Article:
Plans Forward

I cannot wait to see what I will do with all the skills and knowledge I have been accumulating for the past 6-7 years.  I finally feel like I know what I want to do with my life (at least I know the direction). I honestly feel like I am very equipped to go out there and make a positive impact to the society and add some value to the marketplace. Although I don’t have any debts in financial terms, I owe so much to the people who have invested in me for so many years, directly or indirectly:

  • My professors, to have taught, and transferred their knowledge to me with diligence and selflessness,
  • My family, to have believed and supported me through it all,
  • The Rwandan and American taxpayers, and the whole society at large, to have contributed financially towards my education, directly and indirectly.
  • I owe them, big time! And I hope that I will gradually pay them off by making a positive contribution to the whole community, wherever I will be working.

Over the next few months, I am going to take some time-off for myself to grow professionally, and to digest all the skills and knowledge I have acquired for the past 15-20 years of education. I am going to come up with plans of what exactly I want to do, set specific goals of what I want to achieve, and how I want to get there. Most importantly, I will take some time for relaxation as well. It will be a much needed fun and enjoyable break-time: I will keep writing a blog to document my experiences and I hope you will enjoy it as much as I will be.

***Writing is going to be tough when I am hanging out at the resort beach at some nice island in Indian Ocean though, so just be patient, hahah!

Until then,

Merry Christmas and Happy New Year of 2016

Didier Champion



[1] My Fermilab Webpage, http://sist.fnal.gov/index.php

[2] Rwanda Topographic landscape, http://www.rwandatourism.com/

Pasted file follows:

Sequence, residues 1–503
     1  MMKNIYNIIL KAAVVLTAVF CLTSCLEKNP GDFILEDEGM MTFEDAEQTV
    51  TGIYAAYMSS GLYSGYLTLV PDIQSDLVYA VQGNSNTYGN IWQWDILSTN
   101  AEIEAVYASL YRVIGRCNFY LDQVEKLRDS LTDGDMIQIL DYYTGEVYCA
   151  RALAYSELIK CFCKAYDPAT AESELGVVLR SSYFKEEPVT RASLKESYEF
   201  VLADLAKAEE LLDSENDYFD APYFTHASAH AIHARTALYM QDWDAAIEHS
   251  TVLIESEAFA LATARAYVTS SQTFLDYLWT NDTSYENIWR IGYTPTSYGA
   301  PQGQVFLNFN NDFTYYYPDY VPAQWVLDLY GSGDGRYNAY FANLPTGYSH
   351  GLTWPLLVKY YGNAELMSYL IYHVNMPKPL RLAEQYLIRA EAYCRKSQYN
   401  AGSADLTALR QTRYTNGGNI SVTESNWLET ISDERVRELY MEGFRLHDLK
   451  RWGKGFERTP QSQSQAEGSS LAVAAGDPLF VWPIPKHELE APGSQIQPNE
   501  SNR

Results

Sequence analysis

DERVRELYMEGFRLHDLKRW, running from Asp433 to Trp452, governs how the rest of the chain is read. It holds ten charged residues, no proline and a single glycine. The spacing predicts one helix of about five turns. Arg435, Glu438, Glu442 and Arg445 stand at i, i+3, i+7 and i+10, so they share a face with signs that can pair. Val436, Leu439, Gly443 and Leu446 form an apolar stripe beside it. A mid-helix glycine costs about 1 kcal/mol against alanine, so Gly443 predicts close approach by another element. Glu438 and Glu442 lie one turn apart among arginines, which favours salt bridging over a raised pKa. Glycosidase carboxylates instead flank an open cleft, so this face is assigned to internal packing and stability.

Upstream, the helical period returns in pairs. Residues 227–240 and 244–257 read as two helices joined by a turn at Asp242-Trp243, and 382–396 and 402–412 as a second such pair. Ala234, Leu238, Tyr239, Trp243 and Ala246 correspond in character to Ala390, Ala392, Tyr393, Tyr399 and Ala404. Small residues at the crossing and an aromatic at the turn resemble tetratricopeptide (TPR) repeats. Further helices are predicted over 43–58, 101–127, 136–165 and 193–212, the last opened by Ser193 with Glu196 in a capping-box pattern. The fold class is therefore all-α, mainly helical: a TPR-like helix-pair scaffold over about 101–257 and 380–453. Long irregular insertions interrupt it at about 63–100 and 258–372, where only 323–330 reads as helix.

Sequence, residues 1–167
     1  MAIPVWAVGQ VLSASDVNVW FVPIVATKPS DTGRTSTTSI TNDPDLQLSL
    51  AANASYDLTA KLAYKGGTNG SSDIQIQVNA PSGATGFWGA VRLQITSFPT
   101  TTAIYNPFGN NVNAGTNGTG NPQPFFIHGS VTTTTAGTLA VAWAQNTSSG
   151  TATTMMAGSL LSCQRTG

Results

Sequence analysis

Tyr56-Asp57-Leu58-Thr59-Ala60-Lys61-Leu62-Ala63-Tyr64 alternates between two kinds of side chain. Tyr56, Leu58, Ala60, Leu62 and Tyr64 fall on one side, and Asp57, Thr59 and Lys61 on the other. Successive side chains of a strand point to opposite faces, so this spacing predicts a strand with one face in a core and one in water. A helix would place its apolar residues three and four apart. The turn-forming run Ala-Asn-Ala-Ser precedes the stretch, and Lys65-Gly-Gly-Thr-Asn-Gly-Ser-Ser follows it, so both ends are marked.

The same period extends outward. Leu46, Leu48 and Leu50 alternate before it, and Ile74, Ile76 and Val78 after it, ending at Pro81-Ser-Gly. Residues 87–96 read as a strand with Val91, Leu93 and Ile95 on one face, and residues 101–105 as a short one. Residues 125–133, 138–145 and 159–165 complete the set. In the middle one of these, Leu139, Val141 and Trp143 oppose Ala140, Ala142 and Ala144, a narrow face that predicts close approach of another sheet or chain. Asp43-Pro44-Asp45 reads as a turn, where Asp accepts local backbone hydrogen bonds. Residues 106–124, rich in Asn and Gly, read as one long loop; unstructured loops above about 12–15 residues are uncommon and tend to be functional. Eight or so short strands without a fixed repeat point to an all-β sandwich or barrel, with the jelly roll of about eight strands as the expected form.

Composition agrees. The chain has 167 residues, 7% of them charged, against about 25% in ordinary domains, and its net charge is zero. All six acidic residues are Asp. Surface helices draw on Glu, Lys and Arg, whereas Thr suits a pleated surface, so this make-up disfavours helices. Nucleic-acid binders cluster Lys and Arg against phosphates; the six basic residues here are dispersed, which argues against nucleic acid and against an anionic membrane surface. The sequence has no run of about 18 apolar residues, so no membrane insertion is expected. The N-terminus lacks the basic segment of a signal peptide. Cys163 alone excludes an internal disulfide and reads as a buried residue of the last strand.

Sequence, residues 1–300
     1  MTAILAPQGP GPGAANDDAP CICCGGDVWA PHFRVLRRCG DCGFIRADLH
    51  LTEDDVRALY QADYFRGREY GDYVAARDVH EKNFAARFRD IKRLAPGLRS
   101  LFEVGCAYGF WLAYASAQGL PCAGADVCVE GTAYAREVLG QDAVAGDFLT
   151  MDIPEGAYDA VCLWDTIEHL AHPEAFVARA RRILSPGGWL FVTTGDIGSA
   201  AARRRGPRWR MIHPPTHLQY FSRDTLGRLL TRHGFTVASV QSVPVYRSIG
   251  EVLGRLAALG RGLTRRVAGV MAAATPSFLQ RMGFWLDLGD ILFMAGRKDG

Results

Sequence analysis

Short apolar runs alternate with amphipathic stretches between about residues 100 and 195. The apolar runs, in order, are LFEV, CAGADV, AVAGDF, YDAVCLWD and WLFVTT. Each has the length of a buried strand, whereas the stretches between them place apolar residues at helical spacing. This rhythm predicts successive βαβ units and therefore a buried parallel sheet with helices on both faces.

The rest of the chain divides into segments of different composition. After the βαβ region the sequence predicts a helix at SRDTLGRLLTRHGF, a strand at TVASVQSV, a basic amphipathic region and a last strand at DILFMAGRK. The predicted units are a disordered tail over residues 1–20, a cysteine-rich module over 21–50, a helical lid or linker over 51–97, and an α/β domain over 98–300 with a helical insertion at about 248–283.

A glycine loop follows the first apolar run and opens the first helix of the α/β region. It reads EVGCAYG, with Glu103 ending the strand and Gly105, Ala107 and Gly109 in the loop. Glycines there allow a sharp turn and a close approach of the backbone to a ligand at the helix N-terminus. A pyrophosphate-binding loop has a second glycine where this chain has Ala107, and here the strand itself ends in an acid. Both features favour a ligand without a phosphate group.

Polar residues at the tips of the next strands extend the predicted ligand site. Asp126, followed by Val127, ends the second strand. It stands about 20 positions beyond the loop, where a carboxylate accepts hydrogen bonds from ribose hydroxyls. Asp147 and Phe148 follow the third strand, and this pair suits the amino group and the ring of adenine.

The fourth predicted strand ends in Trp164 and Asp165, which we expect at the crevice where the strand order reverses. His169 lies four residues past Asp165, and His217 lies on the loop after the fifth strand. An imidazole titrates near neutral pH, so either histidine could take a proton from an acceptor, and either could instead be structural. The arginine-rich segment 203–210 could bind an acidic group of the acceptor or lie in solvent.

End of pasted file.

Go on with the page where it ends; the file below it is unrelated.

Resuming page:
[3] REACCTING Project, http://www.reaccting.com/

[4] Engineers without Borders, EWB-Rwanda, http://www.colorado.edu/engineering/ewb/rwanda

[5] African Student Association, http://www.colorado.edu/StudentGroups/ASA/

[6] Impact of Fuel use on health and climate, http://sciencepolicy.colorado.edu/research_areas/cca/index.html

[7] Leon Lederman, http://www.independent.co.uk/news/science/nobel-laureate-god-particle-physicist-leon-lederman-to-sell-off-nobel-prize-gold-medal-10277414.html and http://www.nobelprize.org/nobel_prizes/physics/laureates/1988/lederman-facts.html

[8] Eric Cornell, http://www.colorado.edu/news/series/cu-boulder-nobel-laureates

[9] David Gross, http://www.nobelprize.org/nobel_prizes/physics/laureates/2004/gross-facts.html

[10] Fermilab, http://www.fnal.gov/

[11] CU-Boulder, http://www.me.colorado.edu/, and ranking in the world, http://www.colorado.edu/admissions/graduate/about/rankings/list

[12] Steve Jobs, https://www.washingtonpost.com/blogs/answer-sheet/post/steve-jobs-told-students-stay-hungry-stay-foolish/2011/10/05/gIQA1qVjOL_blog.html

[13] GEIA, 2014: http://www.geiacenter.org/event/2014-geia-conference

[14] Clean Cooking Forum, 2015: https://www.cleancooking2015.org/



Published by Didier Champion

Didier Champion is a Rwandan blogger. I love telling stories and writing about Rwanda. I was born and raised in Rwanda. I speak 3 languages. Kinyarwanda, English, and French. From Rwanda (my home country), to the United States (my adoptive country), and Europe, where I am currently working, I take the Rwandan and African pride with me. I am a Rwandan Pan-Africanist who love sharing African stories. Although I am a trained Energy Engineer, my passion is in business and entrepreneurship. My topics about Africa focuses on an aid-free Africa relying on trade, tourism, innovation, and technology. I dream about a self-reliant Africa whose financial freedom is unshakeable. An Africa that consumes what It produces & produces what it consumes. I love traveling across Africa, exploring the beauty of our continent and learning about how to make it in Africa. I am always encouraged by the African Youth with same dreams and aspirations. For more, follow me on twitter and follow this blog to stay in touch. Thank you Didier